The FAB Mom’s Guide by Jill Simonian: Book Review

In the seemingly endless pile of books about having a baby, there are a few that stand out as actually being worth your time and energy. The FAB Mom’s Guide: How to Get Over the Bump & Bounce Back Fast After Baby by Jill Simonian is worth the read for a few reasons.

The FAB Mom's Guide - book coverFirst, one look at Jill and you will think to yourself “How can I be like her?” Second, her down-to-earth voice and the nuggets of personal confession she shares in the book will make you laugh and remember that even glamorous women have their un-glamorous moments. Third, if you’re into this sort of thing, The FAB Mom’s Guide includes lots of up-close-and-personal advice and confessions from celebrity moms.

I’ll admit that celebrity moms are not my role models for anything, really. I don’t have fashion sense, I barely wear makeup, and I celebrate the long stretches of days when I don’t have to get dressed and leave the house. And my kids are 9 and 12 now! But I remember those days of new motherhood. I had no intention of bouncing back to anything. I just wanted a nap.

Not Jill. She is a force of nature, and if you’ve ever watched her on the local morning news show or on any of the online programs she has hosted over the last several years, you’ll see what I mean. She is warm, kind, funny, self-deprecating, and drop-dead gorgeous. (Sorry, Jill. It has to be said.) Her kids are adorable, she’s super successful at everything she tries, and she’s so nice and normal that you can’t even hate her for it all.

So, much like you’d look to self-made rich people to get advice about how to earn and save money, or fit people for how to get in shape, you can look to Jill Simonian for some advice about how to “bounce back” to your pre-mom self if you are facing new motherhood and you want to climb up out of the slump and get back to business. Whatever your business is. Because Jill did just that.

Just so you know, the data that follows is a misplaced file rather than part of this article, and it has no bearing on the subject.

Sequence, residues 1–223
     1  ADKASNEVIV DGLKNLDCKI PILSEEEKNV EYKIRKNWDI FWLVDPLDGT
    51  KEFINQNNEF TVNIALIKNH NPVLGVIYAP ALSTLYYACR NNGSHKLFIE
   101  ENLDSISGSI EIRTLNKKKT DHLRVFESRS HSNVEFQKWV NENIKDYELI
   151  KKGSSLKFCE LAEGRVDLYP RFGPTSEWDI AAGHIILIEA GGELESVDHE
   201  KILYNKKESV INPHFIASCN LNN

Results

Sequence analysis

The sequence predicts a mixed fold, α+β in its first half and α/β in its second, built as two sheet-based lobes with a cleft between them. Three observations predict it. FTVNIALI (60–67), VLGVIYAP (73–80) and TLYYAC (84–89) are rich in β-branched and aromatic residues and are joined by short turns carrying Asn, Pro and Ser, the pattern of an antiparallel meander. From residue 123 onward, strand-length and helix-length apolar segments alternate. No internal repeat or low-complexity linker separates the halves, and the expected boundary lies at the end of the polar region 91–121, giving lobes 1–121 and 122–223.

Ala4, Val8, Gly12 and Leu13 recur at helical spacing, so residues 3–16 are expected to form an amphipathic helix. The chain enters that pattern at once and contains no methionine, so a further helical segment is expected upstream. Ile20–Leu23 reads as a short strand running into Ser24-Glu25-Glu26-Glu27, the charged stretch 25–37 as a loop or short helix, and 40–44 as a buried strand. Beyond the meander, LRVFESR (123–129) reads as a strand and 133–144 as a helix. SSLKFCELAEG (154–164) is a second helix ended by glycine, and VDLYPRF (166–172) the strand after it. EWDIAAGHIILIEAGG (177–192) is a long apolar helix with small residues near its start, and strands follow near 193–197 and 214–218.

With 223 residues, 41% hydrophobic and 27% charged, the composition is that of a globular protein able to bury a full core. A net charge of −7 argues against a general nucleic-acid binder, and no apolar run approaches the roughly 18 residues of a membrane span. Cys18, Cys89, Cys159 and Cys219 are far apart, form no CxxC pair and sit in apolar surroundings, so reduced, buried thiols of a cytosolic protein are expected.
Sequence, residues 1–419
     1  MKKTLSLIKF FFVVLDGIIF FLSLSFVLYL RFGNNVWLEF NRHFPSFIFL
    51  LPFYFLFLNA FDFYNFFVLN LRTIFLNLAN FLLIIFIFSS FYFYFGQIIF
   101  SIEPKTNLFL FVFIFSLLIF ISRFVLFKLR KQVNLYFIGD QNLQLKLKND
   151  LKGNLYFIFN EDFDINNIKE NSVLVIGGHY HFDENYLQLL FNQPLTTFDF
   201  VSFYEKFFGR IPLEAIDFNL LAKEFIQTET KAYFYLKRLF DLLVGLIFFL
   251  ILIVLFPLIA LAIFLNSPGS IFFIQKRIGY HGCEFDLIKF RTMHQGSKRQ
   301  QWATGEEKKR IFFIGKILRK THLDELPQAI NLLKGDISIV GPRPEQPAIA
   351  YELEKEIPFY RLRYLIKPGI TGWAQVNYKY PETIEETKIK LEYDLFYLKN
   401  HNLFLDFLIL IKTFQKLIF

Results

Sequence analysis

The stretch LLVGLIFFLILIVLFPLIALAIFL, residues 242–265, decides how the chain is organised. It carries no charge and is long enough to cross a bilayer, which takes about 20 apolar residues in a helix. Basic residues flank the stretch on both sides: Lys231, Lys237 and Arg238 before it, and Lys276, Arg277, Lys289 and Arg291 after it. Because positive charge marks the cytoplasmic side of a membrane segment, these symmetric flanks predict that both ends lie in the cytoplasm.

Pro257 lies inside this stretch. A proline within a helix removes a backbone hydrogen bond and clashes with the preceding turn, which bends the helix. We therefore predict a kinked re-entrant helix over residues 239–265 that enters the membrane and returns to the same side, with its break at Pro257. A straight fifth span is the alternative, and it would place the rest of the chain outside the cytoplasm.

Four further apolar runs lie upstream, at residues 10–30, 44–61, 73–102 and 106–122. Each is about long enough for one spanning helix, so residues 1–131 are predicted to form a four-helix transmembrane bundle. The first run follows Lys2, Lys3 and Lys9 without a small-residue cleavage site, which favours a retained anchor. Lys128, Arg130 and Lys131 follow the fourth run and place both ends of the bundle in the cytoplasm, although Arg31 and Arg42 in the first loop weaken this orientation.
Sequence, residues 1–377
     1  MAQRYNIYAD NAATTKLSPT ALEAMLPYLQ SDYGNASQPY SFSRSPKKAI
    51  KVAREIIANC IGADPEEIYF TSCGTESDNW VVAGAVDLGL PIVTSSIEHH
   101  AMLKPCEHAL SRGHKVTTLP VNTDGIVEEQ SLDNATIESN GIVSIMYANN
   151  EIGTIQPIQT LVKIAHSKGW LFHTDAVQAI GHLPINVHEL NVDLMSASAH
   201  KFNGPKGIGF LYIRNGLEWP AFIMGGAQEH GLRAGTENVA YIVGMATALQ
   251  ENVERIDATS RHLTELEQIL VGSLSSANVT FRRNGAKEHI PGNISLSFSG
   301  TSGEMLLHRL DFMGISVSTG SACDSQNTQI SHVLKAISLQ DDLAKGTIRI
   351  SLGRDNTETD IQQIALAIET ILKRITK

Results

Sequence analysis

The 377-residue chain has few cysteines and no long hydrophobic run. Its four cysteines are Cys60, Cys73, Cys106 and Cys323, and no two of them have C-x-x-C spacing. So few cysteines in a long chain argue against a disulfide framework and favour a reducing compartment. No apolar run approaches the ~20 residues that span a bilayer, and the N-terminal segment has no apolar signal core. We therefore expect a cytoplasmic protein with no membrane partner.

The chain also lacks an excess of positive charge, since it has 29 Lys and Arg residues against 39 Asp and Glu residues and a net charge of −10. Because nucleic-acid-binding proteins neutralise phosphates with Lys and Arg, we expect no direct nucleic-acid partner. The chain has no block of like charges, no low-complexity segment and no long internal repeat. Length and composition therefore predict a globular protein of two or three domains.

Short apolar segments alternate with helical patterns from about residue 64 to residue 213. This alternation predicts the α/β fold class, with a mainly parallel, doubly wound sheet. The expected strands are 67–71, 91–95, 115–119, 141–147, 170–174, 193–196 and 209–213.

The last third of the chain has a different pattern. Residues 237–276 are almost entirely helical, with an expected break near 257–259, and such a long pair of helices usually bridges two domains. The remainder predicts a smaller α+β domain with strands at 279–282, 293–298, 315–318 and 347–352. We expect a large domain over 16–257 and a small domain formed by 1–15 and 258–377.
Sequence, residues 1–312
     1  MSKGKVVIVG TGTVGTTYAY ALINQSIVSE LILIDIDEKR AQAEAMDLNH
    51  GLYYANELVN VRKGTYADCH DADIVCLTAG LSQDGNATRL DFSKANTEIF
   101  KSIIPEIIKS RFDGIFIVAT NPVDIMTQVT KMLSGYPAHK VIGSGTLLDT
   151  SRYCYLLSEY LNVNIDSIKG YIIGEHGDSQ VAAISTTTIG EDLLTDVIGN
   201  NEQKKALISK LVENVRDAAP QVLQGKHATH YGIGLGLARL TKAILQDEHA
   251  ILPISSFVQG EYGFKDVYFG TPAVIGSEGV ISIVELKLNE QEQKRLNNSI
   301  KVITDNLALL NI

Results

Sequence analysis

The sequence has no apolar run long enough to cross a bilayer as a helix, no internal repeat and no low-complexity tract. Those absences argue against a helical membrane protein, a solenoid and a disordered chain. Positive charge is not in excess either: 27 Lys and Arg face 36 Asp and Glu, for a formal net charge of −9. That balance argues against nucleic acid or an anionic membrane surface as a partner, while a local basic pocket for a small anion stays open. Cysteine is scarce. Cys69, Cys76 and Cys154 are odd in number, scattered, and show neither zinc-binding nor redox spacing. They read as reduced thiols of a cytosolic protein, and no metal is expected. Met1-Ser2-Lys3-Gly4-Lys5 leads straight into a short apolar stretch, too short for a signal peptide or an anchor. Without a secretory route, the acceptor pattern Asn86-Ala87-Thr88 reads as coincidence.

In The FAB Mom’s Guide, Jill shares some of the quirky tricks that worked for her as she prepared for the births of her daughters, and as she mothered them to toddlerhood. All along the way, she worked at getting more television hosting jobs and building up her blog. Celebrity moms were her role models, and she certainly knows plenty of them as you will read in the book. I would be intimidated by their beauty and ability to be put together out in public, but Jill took their poise as inspiration and used their examples to keep herself energetic and resilient, while cherishing her daughters and her new motherhood at the same time.

There are chapters about exercise and fashion tips, advice about necessary baby gear, how Jill kept herself connected to the world even though she had infants, and more. She is always careful to add disclaimers to her words—this book is her experience and not advice, “this is what worked for me maybe not for you,” etc. But I don’t think she needed as much of that qualification, because this is obviously one woman’s story. It certainly won’t work for everyone (stiletto heels to give you confidence? I would surely twist my ankle) but that’s okay. Not every parenting book is for every parent.

For a woman working in Hollywood, having and raising a baby is very difficult if you want to keep your career and not feel like you are neglecting your family. One thing I have learned from so many accomplished colleagues who are also mothers is that there is no need to apologize for wanting to do good work and be successful. Those are the moms who seem to be the happiest. And Jill is always the happiest of them all when I see her, so even for this not-new mom, The FAB Mom’s Guide was an inspiring book to read.